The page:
The President of the Upper West Regional House of Chiefs, Kuoru Kuri Limann IV, has said that the devastating effects of the slave trade in northern Ghana are still deeply felt and experienced in the three Northern regions of Ghana.
He pointed out that “because the enslavers took away only the young and healthy people into Europe and America, the Sissala, Kasem and Grushi lands are very empty and sparsely populated up to date."
Kuoru Limann, who is the paramount chief of Gwollu, urged the government of Ghana to pursue reparation of victims of slavery in Ghana from the foreign beneficiaries of the slave trade.
He said that even though the three northern regions have 40 per cent of the mass in this country, it has less than 16 per cent of Ghana's population living on the land now.
Kuoru Limann, who is also a Council of State member said that “presently the north has still not yet economically caught up with the south."
“The north of Ghana has suffered colonization,” he lamented.
“British colonization of the north came after the last few years of slavery of the 1890 in the north. Northerners were however prevented from going down south for education.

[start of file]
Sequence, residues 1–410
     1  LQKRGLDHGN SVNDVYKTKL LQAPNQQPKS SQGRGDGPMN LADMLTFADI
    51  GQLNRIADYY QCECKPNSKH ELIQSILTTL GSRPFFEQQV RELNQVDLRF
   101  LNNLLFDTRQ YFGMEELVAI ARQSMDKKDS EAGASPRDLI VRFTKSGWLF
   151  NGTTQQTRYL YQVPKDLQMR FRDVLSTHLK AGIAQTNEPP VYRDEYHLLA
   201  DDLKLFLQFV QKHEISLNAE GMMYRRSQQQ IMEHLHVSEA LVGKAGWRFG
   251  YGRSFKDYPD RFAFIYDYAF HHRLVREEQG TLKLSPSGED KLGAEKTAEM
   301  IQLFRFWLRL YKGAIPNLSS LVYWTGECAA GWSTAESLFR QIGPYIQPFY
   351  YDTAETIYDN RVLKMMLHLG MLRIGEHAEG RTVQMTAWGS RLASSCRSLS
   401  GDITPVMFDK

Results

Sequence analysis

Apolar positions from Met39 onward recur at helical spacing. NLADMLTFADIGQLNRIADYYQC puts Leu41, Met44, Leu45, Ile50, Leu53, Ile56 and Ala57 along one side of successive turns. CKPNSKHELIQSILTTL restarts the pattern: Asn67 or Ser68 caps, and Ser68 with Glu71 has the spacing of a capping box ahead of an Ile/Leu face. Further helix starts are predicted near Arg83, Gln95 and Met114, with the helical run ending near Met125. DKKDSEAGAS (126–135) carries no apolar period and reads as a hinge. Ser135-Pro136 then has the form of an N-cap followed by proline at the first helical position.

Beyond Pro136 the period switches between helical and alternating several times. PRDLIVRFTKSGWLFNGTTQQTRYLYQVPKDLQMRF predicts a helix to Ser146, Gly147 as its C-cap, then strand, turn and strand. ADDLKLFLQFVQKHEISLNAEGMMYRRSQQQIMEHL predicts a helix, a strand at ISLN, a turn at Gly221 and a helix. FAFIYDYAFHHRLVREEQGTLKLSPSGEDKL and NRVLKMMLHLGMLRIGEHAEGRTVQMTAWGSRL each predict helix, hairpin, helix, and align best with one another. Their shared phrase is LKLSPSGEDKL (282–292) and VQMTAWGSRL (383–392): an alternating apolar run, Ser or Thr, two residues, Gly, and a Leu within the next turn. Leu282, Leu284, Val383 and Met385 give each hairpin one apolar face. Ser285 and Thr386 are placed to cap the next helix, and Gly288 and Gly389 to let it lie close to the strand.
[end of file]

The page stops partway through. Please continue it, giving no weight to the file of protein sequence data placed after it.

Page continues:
“The British government advocated 50 million pounds for the rapid development of the north to prepare it to catch up with the developed south and Ashanti; although this offer was gracious, it was not effected because as at independence in 1957, there was only one senior secondary school in the whole of the north,” Kuoru Limann asserted.
To this end, he stressed for a reparation from the beneficiaries of slavery to rapidly develop the north.
He also said the north has very poor transportation facilities and lacks any effective communication and therefore a new railway up north from the south will enable transportation of goods and services to improve the economy of the north.
The chief, a lawyer by profession also called for more educational institutions such as basic schools, colleges to improve upon health and educational standards in the region.
Source: The Ghanaian Times